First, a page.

(2) All peoples have the right to self-determination; by virtue of that right they freely determine their political status and freely pursue their economic, social and cultural development.

Pretty much fucks up their claim really.
posted by jontyjago at 12:17 PM on May 27, 2010 [1 favorite]

Yeah. I lived in the Falklands for three and a half years (until three years ago), and self determination is the key argument for Falkland Islanders. There is no one there who wants the Islands to be part of Argentina, that was the case before 1982, and is exponentially more so since.

Every year Argentina goes to the UN's committee on colonialism (sorry, don't remember its proper title and am on my phone so can't look it up) to complain about the situation, overlooking the fact that Argentina, like all of the New World, is itself pretty much run by and in the interests of the descendents of colonial incomers.

Just so that the Argentines don't appear before the UN unopposed, a representative of the Falkland Islands Government also goes along, with a weary sense of resignation, and says "But we want to be British," and it's all over again for another year (apart from Argentina's periodic economic jabs, which had already hit Falklands tourism and, to a lesser extent, fisheries, long before oil was ever struck).

Thanks for the pdf link, jontyjago, will read with interest when I get a chance.
posted by penguin pie at 3:10 PM on May 27, 2010 [3 favorites]

Argentina remains its own worst enemy on this issue. If they had only refrained from invading, it seems clear to me that they could have had a leaseback deal and sovereignty years ago. Now every time they bang the table success gets further away.

What they need to do is go quiet about their claim for a couple of years, affect a supportive attitude, look towards developing friendly economic relations, and co-operation shading quietly into a joint role. If they can seem calm and friendly for long enough it will create space for the British Government to do what in its heart it has wanted to do all along: rat on the islanders and sell out in the most civilised, stress-free manner it can. But you can't make a graceful concession to someone who is shouting in your face.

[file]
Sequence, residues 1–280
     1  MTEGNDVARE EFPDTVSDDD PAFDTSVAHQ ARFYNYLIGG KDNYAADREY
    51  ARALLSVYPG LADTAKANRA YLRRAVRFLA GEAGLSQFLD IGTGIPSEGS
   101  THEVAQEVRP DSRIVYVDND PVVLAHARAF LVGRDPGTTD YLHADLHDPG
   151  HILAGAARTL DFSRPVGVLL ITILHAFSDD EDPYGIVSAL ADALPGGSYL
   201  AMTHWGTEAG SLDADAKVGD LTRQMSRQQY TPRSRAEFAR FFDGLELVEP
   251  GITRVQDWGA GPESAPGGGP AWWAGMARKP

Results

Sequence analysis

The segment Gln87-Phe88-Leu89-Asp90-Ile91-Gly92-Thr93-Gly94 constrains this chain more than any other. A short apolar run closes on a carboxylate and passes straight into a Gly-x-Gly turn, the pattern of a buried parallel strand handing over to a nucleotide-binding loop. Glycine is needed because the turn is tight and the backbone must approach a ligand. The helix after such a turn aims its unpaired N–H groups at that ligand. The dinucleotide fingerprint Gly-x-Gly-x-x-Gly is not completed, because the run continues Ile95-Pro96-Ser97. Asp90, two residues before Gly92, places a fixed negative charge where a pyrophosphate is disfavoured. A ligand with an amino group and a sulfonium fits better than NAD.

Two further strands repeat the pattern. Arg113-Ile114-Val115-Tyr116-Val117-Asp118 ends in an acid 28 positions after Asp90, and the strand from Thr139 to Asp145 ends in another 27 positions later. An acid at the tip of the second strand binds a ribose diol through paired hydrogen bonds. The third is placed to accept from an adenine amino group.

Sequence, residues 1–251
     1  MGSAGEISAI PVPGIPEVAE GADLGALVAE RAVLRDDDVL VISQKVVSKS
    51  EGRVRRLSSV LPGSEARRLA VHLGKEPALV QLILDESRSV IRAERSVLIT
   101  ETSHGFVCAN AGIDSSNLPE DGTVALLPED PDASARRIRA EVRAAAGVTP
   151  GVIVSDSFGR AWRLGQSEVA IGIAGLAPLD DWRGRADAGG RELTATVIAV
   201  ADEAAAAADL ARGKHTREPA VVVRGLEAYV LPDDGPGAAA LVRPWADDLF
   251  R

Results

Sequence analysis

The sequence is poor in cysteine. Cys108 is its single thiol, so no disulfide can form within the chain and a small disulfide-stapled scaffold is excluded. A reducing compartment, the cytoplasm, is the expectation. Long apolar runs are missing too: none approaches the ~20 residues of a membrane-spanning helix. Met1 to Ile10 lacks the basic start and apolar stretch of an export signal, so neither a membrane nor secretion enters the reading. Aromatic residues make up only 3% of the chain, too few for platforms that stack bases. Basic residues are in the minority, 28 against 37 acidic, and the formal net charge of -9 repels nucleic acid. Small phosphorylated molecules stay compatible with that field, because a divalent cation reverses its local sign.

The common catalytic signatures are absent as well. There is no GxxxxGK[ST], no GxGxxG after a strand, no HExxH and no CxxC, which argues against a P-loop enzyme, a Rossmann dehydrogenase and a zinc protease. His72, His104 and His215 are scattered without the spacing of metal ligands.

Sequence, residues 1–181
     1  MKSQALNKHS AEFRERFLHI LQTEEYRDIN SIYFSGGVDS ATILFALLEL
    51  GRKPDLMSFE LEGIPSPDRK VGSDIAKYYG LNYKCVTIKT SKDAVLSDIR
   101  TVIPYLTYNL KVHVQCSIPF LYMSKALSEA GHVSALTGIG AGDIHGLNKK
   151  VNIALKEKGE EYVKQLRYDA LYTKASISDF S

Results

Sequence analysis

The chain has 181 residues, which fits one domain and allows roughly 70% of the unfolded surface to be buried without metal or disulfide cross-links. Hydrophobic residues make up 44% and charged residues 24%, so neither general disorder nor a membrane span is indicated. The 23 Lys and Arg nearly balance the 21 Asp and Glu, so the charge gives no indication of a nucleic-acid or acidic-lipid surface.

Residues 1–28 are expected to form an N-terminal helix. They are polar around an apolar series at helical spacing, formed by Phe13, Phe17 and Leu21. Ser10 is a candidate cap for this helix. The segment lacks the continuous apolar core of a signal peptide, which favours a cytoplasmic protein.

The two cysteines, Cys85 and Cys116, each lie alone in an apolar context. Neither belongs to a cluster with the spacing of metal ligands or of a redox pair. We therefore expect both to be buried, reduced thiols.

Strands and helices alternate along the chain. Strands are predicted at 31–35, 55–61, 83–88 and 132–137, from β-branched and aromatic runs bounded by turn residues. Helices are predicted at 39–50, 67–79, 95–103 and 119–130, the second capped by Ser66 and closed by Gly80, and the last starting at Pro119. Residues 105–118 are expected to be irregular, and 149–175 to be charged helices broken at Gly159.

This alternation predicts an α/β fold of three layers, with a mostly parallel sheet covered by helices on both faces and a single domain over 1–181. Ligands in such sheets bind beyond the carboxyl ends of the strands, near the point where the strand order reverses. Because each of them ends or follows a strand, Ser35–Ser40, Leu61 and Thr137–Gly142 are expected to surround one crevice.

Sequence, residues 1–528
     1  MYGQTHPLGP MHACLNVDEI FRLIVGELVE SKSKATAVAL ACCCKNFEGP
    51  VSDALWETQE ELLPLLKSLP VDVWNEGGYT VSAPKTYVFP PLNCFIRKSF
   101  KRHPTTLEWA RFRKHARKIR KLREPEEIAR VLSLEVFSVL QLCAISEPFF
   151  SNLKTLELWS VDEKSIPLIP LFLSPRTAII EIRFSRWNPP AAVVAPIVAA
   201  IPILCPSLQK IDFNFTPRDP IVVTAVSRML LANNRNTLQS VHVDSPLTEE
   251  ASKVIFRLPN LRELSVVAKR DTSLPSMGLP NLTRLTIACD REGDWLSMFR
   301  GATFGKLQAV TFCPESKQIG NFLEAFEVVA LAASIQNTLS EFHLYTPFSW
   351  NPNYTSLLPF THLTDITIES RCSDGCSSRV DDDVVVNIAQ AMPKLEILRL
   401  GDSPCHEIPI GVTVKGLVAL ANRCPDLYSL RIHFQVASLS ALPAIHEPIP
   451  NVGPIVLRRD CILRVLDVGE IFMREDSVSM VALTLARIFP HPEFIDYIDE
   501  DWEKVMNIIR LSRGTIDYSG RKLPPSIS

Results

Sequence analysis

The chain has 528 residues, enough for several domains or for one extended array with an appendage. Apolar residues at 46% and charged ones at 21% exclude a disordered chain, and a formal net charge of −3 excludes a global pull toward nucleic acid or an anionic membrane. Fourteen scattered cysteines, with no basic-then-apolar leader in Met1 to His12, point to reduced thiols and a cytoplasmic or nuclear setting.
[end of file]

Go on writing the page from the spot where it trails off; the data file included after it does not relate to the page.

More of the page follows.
posted by Phanx at 2:23 AM on May 28, 2010

A leaseback deal won't happen now, previous invasion or not. Not only are the islanders staunchly British, but the explorers have just struck oil, and it could well be a LOT of oil. Maybe as big as the North Sea fields, maybe close to Saudi Arabia's. The profits belong to the Falklands, but the UK gets some tax and contributions towards the Defense budget, which they really, really need right now.
posted by Spanner Nic at 3:11 AM on May 28, 2010

Ironically the British offered a deal a few years ago to share the oil revenue with the Argentinians which they declined.
posted by atrazine at 4:03 AM on May 28, 2010

It's even better! The two countries signed the deal, then Argentina unilaterally withdrew.
posted by Spanner Nic at 4:57 AM on May 28, 2010

For those after the Falkland Islanders' perspective, the Islands' weekly newspaper, the Penguin News, (downloadable pdf of the front page) pretty much sums it up today:

This exchange of notes has been described by the Argentine press as indicating an escalation of tension between Britain and Argentina, but many seasoned observers take the view that it is predictable rather than critical.

For more of an everyday window on Falklands life, download the back pages for the classifieds and events, which, alongside the chickens and Land Rovers for sale, include:

Forthcoming De-mining Events - Cancellation and
Introduction to Petroleum Geology for Non-Geologists.

posted by penguin pie at 8:38 AM on May 28, 2010 [4 favorites]